Academic journal article Forum for Applied Research and Public Policy

Safety First

Academic journal article Forum for Applied Research and Public Policy

Safety First

Article excerpt

In "The Case Against Reprocessing," William Sailor correctly notes that an economic motivation for reprocessing spent fuel from nuclear power plants is not likely to arise as long as the cost of uranium remains relatively low ( FORUM, Summer 1999). Further, a return to reprocessing would be unlikely to help jump start the nuclear power industry.

While I concur with these conclusions, I would also argue that the economics of reprocessing is not the central issue. Since fuel accounts for only a small fraction of the total cost of nuclear power, the primary question is what type of nuclear infrastructure nations should maintain.

The United States chose to forgo reprocessing in the 1970s, not for economic reasons, but out of concern that reprocessing technology and infrastructure--key ingredients for nuclear weapons proliferation--would be dispersed widely around the world and that large-scale commerce in separated plutonium would increase risks of plutonium theft and diversion.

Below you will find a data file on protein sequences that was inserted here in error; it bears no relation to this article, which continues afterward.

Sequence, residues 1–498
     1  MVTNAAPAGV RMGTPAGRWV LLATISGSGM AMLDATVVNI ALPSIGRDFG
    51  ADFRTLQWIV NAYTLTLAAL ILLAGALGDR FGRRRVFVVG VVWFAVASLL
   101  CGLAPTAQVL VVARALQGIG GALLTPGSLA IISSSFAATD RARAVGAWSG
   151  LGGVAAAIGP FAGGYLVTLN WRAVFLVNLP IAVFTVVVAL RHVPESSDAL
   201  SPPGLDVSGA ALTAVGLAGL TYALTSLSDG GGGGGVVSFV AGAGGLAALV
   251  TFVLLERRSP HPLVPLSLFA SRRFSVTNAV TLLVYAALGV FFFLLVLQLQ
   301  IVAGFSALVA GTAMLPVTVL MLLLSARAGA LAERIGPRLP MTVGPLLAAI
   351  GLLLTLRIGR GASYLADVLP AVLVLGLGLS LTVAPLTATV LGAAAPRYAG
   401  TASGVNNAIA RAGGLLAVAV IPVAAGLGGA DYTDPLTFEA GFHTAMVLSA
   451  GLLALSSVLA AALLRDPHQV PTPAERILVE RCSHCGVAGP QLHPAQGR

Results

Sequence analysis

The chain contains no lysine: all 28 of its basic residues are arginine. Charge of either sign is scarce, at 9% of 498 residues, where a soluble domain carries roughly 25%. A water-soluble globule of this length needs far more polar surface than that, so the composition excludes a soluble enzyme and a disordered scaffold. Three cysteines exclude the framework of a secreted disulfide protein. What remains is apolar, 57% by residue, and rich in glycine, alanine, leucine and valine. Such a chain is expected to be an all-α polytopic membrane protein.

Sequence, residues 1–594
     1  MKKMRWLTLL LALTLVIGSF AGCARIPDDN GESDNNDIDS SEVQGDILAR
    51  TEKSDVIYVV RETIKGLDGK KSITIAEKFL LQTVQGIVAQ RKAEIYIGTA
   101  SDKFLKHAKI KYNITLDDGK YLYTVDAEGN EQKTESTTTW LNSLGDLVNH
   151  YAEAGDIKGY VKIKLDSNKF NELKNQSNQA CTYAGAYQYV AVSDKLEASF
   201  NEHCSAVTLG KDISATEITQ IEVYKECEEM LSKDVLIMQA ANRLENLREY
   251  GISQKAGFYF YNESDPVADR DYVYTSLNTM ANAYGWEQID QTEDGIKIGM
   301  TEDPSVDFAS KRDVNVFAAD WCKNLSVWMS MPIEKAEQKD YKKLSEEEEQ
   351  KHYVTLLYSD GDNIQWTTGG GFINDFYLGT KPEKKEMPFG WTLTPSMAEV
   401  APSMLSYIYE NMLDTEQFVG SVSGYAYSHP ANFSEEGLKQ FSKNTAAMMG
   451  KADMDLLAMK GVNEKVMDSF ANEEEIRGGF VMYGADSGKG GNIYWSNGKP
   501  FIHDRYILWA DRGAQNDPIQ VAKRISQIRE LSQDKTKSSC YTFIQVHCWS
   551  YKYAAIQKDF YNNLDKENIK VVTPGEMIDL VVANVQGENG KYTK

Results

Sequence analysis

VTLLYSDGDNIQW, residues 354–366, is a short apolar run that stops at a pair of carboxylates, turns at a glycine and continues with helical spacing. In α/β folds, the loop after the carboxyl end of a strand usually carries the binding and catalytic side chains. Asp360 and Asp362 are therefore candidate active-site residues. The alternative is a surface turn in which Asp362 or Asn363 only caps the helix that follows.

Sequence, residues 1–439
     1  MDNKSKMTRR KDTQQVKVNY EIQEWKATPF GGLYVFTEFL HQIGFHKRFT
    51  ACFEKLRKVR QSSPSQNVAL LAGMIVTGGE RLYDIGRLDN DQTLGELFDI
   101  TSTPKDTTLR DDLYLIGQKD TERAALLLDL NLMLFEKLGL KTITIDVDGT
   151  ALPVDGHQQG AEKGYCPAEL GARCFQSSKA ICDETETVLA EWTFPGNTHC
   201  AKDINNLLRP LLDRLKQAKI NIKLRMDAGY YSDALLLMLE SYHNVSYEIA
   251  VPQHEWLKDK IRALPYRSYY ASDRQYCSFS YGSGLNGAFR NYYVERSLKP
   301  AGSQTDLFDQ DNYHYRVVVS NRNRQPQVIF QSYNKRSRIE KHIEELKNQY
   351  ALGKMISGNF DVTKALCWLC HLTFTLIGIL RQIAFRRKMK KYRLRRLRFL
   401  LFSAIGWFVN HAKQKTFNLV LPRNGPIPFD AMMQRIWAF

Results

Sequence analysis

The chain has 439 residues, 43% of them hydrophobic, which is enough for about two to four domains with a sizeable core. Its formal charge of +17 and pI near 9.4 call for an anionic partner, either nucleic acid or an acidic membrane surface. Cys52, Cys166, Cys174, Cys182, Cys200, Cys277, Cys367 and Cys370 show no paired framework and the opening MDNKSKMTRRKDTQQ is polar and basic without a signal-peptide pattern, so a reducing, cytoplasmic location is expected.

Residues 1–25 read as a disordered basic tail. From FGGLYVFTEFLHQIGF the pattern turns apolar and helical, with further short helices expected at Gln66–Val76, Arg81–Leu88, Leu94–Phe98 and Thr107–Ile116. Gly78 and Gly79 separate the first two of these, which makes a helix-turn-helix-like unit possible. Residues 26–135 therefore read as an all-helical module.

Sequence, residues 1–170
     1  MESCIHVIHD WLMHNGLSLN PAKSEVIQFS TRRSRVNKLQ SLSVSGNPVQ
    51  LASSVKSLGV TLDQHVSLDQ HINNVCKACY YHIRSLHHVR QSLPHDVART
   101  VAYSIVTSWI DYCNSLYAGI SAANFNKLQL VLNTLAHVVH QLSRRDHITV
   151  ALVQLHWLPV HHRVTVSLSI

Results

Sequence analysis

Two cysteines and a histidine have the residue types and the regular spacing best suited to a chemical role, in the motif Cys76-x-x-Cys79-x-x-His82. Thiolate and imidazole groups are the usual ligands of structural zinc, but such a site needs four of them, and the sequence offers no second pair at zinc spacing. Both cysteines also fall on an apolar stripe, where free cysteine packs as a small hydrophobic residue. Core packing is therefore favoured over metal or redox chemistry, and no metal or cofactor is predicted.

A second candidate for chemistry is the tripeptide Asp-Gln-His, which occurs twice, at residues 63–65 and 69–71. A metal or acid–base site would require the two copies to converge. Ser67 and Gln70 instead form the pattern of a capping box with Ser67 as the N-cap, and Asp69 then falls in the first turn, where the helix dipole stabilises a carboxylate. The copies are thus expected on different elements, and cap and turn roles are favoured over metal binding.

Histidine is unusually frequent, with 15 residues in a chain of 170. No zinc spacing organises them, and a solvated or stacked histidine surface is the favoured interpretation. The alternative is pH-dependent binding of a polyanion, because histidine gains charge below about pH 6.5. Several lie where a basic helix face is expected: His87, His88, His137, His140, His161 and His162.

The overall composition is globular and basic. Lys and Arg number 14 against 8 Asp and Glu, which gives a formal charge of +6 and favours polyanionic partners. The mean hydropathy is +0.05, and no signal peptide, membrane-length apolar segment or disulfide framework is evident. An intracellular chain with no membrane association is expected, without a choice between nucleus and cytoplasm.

In the 1990s, with the collapse of the Soviet Union, we have been forced to deal with new types of proliferation risks that were largely unanticipated during the original reprocessing debate. Existing nuclear infrastructure and technical expertise in the United States permitted us to implement large training and technical exchanges to increase the safety of Soviet-design nuclear power plants and to initiate a large-scale, $14 billion program to purchase excess highly enriched uranium from Russian nuclear weapons. …

Search by... Author
Show... All Results Primary Sources Peer-reviewed

Oops!

An unknown error has occurred. Please click the button below to reload the page. If the problem persists, please try again in a little while.